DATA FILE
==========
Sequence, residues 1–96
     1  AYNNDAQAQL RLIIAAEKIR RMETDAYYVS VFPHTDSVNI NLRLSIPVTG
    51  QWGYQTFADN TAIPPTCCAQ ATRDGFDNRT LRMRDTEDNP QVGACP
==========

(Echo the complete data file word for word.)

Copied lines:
Sequence, residues 1–96
     1  AYNNDAQAQL RLIIAAEKIR RMETDAYYVS VFPHTDSVNI NLRLSIPVTG
    51  QWGYQTFADN TAIPPTCCAQ ATRDGFDNRT LRMRDTEDNP QVGACP